wards the vttermpst parts of India, from whence thou were first transported

to England by vicious and wild dispositions / 57-

Hydr. First therefore for the exceeding high rate that this Tobacco hath
euer bene at since the very first arriuall thereof into England, thou thy selfe,
and all our Tobacconists, are able to say this of your owne proper knowledge :


namely, that the same hath vsually bene sold by the pound, for twentie
nobles, fiue, foure, or three pounds : yea and when it came to the lowest
price, it could not bee had vnder foure markes or fortie shillings, which
amounteth to three shillings four pence an ounce at the lea.-t. Is not this thou an exceeding high rate for filthie Tobacco? . . . p. 61.

tlydr. Concerning therefore that former superfluous and riotous waste, which
those Tobacconists do so wilfully make about their beastly Tobacco fumes,
do tell me in good sadnesse, whether it be not a superfluous waste, for any
man of great place, to paddle forth yearely one hundred pounds at the least,
for an hundred gallons of filthy fumes ? for a Gentleman of meaner condition,
to be at forlie pound annual! expences, about bare fortie pottels of stinking
flames, for a Yeoman, an Husbandman, an Artificer, a Trades-man, a Tinker,
a Shoomaker, or a Cobbler, to bestow weekely some three shillings four-
pence at the least, for but one onely ounce of fantastical fooleries? . . . p. 6x.

Hydr. So as by these meanes they make great noble Persons, but single-
soaled Gentlemen ; well bred Gentelmen, but bare thredded Yeomen ; bounti-
full Yeomen, but beggerly Husbandmen , hospitious Husbandmen, but shifting
Trades-men, artificious Trades-men but conicatching companions , conicatch-
ing companions, but vagabond rogues. Thus thou mayest plainly perceiue
how these their intoxicating Tobacco fumes are able in an vnpeiceiuable and
Circean manner to transforme nobilitie into gentrie, gentrie into yeomanrie,
yeomanrie into husbandry, husbandrie into maunuarie, manuarie into manu-
biarie, manubiarie into a vagrant and retchlesse roguerie, and what not
besides? p. 65.

The CoiinterbLi3te was reprinted this year in Bishop
Montagu's edition of James' IVorkes.

1616. Bishop Montagu publifhed a Latin translation of the
King's works : in which the Counterblajle appears as Mifocapnus,
feu de Abufu Tabacci. This provoked a Polish Jefuit to write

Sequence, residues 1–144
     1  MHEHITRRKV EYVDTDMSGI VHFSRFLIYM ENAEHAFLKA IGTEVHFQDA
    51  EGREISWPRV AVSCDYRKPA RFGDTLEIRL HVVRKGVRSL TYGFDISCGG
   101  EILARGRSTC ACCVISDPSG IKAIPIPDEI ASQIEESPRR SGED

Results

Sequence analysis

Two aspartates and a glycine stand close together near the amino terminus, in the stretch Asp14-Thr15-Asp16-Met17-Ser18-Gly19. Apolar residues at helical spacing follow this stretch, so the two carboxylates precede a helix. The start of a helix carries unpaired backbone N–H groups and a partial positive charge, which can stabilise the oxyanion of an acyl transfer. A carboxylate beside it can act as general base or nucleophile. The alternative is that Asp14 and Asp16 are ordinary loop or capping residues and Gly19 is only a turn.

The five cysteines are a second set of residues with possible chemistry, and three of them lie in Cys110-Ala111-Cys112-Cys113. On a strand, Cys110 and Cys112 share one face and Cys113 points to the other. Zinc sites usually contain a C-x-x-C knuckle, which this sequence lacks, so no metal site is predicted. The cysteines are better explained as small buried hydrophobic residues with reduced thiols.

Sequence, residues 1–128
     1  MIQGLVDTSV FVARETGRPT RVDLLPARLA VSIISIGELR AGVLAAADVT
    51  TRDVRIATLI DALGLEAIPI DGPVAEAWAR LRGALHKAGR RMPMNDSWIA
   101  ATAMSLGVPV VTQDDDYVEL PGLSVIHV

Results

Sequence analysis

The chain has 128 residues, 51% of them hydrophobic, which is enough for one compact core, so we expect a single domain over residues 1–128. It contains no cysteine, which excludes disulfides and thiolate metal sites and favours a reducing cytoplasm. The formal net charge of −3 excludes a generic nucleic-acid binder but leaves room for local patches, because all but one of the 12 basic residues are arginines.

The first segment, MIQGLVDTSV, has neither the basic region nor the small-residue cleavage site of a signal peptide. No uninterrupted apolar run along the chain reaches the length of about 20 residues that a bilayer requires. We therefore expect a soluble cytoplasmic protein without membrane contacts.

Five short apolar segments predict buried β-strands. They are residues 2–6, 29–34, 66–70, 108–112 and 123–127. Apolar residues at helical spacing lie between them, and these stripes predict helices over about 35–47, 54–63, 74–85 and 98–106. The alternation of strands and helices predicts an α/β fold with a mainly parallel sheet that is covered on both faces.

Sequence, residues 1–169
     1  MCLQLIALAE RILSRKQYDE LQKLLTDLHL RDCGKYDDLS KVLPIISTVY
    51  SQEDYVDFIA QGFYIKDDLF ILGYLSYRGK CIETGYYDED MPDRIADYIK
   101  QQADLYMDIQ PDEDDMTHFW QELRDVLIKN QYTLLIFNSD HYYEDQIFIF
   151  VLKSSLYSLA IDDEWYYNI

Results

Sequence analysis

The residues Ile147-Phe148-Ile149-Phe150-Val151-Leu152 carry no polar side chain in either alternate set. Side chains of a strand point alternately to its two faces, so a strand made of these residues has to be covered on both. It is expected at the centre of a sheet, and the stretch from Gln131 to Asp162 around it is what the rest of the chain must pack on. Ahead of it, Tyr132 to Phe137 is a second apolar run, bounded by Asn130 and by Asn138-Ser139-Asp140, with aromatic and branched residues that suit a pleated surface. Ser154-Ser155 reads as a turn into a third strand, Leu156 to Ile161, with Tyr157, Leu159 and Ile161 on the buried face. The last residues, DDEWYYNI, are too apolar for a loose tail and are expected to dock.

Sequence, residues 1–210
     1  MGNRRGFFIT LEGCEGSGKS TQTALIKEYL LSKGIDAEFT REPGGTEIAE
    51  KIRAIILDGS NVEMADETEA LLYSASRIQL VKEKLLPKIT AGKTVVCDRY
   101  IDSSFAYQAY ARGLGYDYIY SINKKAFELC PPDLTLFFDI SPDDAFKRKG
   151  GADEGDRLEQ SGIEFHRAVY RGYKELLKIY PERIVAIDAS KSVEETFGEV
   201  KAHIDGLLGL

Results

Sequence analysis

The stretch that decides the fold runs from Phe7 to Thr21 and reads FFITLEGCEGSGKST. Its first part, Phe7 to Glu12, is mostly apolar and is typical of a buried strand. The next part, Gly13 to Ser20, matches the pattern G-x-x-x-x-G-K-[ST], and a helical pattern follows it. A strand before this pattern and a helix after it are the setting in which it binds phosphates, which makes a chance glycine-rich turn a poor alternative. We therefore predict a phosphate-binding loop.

Antimifocapnus, a tract which I have not met with.

\Ve cannot better conclude thefe fcattered notices, than with
the following poem : sometimes called Tobacco Spiritualized : but
which is evidently reprinted in Two Broadjldes, iNic. 1072 : see

No. 4, /. 6.

The India* Weed withered quite.
Green at Noon, cut down at Night ;
Shews thy decay, all Flesh is hay :
Thus think, then drink Tobacco.

The Pipe that is so lilly-white.
Shews Thee to be a mortal Wight,
And euen such gone with a touch :
Thus think, then drink Tobacco.

And when the Smoke ascends on high,
Think thou behold'st the Vanity
Of worldly stuff, gone with a puff:
Thus think, then drink Tobacco.

^ And when the Pipe grows foul within,
Think on the Soul defil'd with Sin,
And then the Fire it doth require :
Thus think, tten drink Tobacco.

The Ashes that are Je/t behind
Miy serve to put thee sti/1 in mind.
That unto Dust return thou must:
Thus think, then drink Tobacco.

Answered by Geargt Withers thus,

Thus think, drink no Tobacco.

Muir & Paterson, Prittters, Edinburgh.



This book is due on the last date stamped below, or

on the date to which renewed.
Renewed books are subject to immediate recall.


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JUL 2 5 1961

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FEB 5 1962

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Online LibraryKing of England James IThe essayes of a prentise, in the divine art of poesie. Edinburgh. 1585. A counterblast to tobacco. London, 1604 → online text (page 10 of 10)